All Townsend Fellows

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Kristen Whissel, Film & Media
Senior Fellow
2016-2017

Kristen Whissel's research focuses on cinema and technological change, silent cinema and modernity, digital cinema, visual effects, and the history and theory of the stereoscope and 3D cinema.

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Laurie Wilkie, Anthropology
Senior Fellow
2016-2017

Professor of Archaeology Laurie Wilkie (Anthropology) explores how nineteenth- and twentieth-century expressions of social difference, gender, race, ethnicity, religion, sex, socioeconomics, and politics can be understood through the materiality of everyday life; and how a sense of material herit

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Liladhar Pendse, UC Berkeley Library
Library Fellow
2015-2016

Eastern European, Central Asian, and Slavic Studies librarian Liladhar Pendse’s project, “Contesting identities: Azerbaijani periodicals press of the late 19th and early 20th century,” is a bibliographic study of Azerbaijani periodicals examining their influence among Muslims throughout the Russian empire, Ottoman Empire, and Qajar Iran.

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Chloe Kitzinger, Slavic Languages & Literatures
Dissertation Fellow
2015-2016

Chloe Kitzinger's dissertation, “Illusion and Instrument: The Lives of Characters in Dostoevsky and Tolstoy,” focuses critical attention on a problem in the history and theory of the novel: that realist characters exist independently from the author’s control, and even from the constraints of form.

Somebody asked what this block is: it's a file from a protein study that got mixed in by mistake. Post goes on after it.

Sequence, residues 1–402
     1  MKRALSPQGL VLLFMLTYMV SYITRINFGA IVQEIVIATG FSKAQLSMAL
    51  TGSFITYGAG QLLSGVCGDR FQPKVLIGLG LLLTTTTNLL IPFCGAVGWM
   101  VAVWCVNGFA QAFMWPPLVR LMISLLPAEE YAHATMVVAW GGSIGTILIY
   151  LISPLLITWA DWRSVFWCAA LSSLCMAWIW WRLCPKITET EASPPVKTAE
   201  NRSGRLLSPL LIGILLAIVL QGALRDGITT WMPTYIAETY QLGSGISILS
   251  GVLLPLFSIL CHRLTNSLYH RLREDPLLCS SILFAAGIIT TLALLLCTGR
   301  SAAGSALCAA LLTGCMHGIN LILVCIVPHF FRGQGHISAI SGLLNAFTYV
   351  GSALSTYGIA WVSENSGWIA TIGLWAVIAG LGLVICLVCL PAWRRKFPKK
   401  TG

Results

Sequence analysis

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Dissertation Fellow
2015-2016

Stephanie Moore's dissertation, “Allegory as Cognitive Technology in Early Modern England,” examines the role of allegory in English literary history by revealing its affinities with scholarly methods of sorting, retaining, and retrieving information.

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Jane Raisch, Comparative Literature
Dissertation Fellow
2015-2016

In her dissertation, “Fictions of Scholarship: Hermeneutics & Hellenism in Early Modern England,” Jane Raisch reimagines the period-defining narrative of the Renaissance as the age of classical rediscovery by investigating the impact of Greek antiquity on early modern English literature.

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Dissertation Fellow
2015-2016

In his dissertation project, “Flesh Be Made Spirit: Theology, Materialism, and Radical Religion in Early Modern England,” Samuel Robinson considers the relationship between conceptualizations of God and matter in seventeenth-century England.

Joshua Williams
Joshua Williams, Theater, Dance & Performance Studies
Dissertation Fellow
2015-2016

In his dissertation project, “Don’t Show A Hyena How Well You Can Bite: Performance, Race and the Animal Subaltern in Eastern Africa,” Joshua Williams focuses on the animal in the political and performance history of colonial and postcolonial East Africa.

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